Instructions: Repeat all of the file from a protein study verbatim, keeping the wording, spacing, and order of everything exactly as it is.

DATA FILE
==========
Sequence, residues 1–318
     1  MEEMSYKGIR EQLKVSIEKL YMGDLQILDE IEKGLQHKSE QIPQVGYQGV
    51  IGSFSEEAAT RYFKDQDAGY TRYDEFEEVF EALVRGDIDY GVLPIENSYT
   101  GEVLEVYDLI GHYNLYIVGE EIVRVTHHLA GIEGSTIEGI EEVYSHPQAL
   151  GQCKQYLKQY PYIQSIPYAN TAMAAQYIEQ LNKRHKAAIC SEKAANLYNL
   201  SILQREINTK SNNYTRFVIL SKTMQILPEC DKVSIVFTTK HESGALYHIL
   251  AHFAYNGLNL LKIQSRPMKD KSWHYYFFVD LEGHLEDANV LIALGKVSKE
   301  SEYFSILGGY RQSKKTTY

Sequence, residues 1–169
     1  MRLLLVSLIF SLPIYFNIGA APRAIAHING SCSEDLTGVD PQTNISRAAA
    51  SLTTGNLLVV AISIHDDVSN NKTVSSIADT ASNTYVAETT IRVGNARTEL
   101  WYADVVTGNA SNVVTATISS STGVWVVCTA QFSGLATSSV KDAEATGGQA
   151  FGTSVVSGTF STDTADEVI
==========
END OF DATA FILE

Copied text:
Sequence, residues 1–318
     1  MEEMSYKGIR EQLKVSIEKL YMGDLQILDE IEKGLQHKSE QIPQVGYQGV
    51  IGSFSEEAAT RYFKDQDAGY TRYDEFEEVF EALVRGDIDY GVLPIENSYT
   101  GEVLEVYDLI GHYNLYIVGE EIVRVTHHLA GIEGSTIEGI EEVYSHPQAL
   151  GQCKQYLKQY PYIQSIPYAN TAMAAQYIEQ LNKRHKAAIC SEKAANLYNL
   201  SILQREINTK SNNYTRFVIL SKTMQILPEC DKVSIVFTTK HESGALYHIL
   251  AHFAYNGLNL LKIQSRPMKD KSWHYYFFVD LEGHLEDANV LIALGKVSKE
   301  SEYFSILGGY RQSKKTTY

Sequence, residues 1–169
     1  MRLLLVSLIF SLPIYFNIGA APRAIAHING SCSEDLTGVD PQTNISRAAA
    51  SLTTGNLLVV AISIHDDVSN NKTVSSIADT ASNTYVAETT IRVGNARTEL
   101  WYADVVTGNA SNVVTATISS STGVWVVCTA QFSGLATSSV KDAEATGGQA
   151  FGTSVVSGTF STDTADEVI